Archie allowed us to dream of a Riverdale we all knew did not and could not exist. We found it comforting, amusing and reassuring. It was a pleasant escape from our own day-to-day problems. Yet the hope of discovering a new Shangri-La is always with us. All such fictional worlds are, to be sure, highly imperfect images of heaven, but they should not be shattered. Dynamite is not for dreams. We need to keep hoping for heaven, and mythical utopias are important stepping stones that help to keep that hope alive. The demise of an icon is the shattering of a dream and a rude return to a world in which one more refuge has been taken from us.

Donald DeMarco, Ph.D., is a Senior Fellow of HLI America, an Initiative of Human Life International. He is Professor Emeritus at St. Jerome’s University in Waterloo, Ontario, and an adjunct professor at Holy Apostles College and Seminary in Cromwell. Some of his recent writings may be found at HLI America’s Truth and Charity Forum, where this column first appeared.

alertAt the Spring Assembly of the U.S. bishops, Cardinal Joseph Tobin suggested that a delegation ofbishops go to the border to see for themselves what was happening to newly arrived immigrants, families and children. On July 1 and 2, Cardinal Daniel DiNardo, president of the U.S. bishops conference, and five other bishops conducted a pastoral visit to the diocese of Brownsville, Texas. Stops included Mass at the Shrine of Our Lady of San Juan del Valle with the community, a visit to anHHS/OBR Shelter and Mass for the families there, a visit to the Customs and Border Patrol processing center in McAllen, TX, and a press conference at the end of their visit. Catholic News Service accompanied the bishops on their border trip.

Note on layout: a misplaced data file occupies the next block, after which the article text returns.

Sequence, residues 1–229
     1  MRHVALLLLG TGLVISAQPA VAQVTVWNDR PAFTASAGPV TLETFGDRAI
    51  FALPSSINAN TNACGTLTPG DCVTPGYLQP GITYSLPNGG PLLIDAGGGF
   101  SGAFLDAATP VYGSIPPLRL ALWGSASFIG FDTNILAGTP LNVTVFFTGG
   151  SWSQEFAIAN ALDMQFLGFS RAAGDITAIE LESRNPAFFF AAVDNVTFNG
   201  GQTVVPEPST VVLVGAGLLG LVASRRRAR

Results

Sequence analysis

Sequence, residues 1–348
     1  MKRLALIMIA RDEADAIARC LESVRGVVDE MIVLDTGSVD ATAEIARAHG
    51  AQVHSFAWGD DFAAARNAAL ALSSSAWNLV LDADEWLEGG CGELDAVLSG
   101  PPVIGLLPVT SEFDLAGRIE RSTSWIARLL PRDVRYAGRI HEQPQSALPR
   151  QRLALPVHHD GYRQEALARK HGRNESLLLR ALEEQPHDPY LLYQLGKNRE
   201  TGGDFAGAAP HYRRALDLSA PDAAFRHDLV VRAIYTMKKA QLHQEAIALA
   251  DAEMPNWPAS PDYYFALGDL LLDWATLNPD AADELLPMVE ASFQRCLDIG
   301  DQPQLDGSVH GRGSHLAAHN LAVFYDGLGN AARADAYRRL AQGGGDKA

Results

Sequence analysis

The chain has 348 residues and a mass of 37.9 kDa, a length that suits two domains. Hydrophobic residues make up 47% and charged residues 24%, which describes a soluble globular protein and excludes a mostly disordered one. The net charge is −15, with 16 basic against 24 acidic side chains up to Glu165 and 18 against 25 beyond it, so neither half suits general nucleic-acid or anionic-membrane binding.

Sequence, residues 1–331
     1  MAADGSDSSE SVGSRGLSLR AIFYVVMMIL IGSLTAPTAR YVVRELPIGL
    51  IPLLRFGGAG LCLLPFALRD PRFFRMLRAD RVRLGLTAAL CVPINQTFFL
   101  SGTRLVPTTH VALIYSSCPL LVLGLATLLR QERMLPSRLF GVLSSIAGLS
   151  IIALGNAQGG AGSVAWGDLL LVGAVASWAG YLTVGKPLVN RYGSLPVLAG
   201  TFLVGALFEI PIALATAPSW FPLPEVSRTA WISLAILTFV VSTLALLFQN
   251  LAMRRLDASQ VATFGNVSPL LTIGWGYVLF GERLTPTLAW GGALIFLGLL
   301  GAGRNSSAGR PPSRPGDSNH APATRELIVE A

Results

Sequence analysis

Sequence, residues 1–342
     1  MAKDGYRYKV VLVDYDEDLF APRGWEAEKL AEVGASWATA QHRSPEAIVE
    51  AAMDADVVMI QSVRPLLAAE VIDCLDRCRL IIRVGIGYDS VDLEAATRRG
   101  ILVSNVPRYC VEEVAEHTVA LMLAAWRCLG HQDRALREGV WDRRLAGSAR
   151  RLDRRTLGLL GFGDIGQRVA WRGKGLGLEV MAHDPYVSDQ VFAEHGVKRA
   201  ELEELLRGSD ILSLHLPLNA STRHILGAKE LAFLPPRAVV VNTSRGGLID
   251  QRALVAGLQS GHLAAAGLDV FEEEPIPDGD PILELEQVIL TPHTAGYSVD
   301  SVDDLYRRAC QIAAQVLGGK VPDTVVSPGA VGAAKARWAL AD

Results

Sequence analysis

1. Backgrounder and analysis of the bishops’ trip to the border: Cardinal DiNardo told CNS, “You cannot look at immigration as an abstraction when you meet” the people behind the issue.
  2. At final press conference, Cardinal Daniel Dinardo said the church was willing to be part of any conversation to find humane solutions because even a policy of detaining families together in facilities caused “concern.”
  3. Bishops serve soup to immigrant families at a center run by Catholic Charities and listen to their stories. Scranton Bishop Joseph Bambera said he found hope in hearing the people in the room talk about what’s ahead. They didn’t speak of making money but of finding safety for their children, he said, driven by “the most basic instinct to protect your family.”
  4. At an opening Mass he Basilica of Our Lady of San Juan del Valle-National Shrine near McAllen, Texas, Bishop Daniel Flores of Brownsville told Massgoers, “The bishops are visiting here so they can stop and look and talk to people and understand, especially the suffering of many who are amongst us,”

A delegation of U.S. bishops goes on a fact-finding mission at the U.S.-Mexican border to learn more about Central American immigration detention.

Following their visit to an immigrant detention center, U.S. bishops said they are even more determined to call on Congress for comprehensive immigration reform.